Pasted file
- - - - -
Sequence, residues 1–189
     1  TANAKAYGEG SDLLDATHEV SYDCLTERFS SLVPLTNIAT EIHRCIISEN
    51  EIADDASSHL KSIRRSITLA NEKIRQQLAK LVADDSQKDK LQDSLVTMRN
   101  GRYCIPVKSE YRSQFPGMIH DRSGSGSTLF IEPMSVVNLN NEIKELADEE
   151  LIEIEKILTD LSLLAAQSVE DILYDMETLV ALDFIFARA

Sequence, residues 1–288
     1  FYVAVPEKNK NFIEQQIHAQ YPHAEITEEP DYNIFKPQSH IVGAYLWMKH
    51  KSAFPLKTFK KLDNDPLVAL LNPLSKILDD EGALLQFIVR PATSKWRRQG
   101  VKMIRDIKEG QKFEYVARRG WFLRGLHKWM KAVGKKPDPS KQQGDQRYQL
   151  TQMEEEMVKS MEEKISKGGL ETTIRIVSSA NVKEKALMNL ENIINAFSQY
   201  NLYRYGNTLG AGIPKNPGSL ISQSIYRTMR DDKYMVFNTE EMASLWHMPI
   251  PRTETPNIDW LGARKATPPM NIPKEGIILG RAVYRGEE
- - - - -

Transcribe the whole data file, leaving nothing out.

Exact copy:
Sequence, residues 1–189
     1  TANAKAYGEG SDLLDATHEV SYDCLTERFS SLVPLTNIAT EIHRCIISEN
    51  EIADDASSHL KSIRRSITLA NEKIRQQLAK LVADDSQKDK LQDSLVTMRN
   101  GRYCIPVKSE YRSQFPGMIH DRSGSGSTLF IEPMSVVNLN NEIKELADEE
   151  LIEIEKILTD LSLLAAQSVE DILYDMETLV ALDFIFARA

Sequence, residues 1–288
     1  FYVAVPEKNK NFIEQQIHAQ YPHAEITEEP DYNIFKPQSH IVGAYLWMKH
    51  KSAFPLKTFK KLDNDPLVAL LNPLSKILDD EGALLQFIVR PATSKWRRQG
   101  VKMIRDIKEG QKFEYVARRG WFLRGLHKWM KAVGKKPDPS KQQGDQRYQL
   151  TQMEEEMVKS MEEKISKGGL ETTIRIVSSA NVKEKALMNL ENIINAFSQY
   201  NLYRYGNTLG AGIPKNPGSL ISQSIYRTMR DDKYMVFNTE EMASLWHMPI
   251  PRTETPNIDW LGARKATPPM NIPKEGIILG RAVYRGEE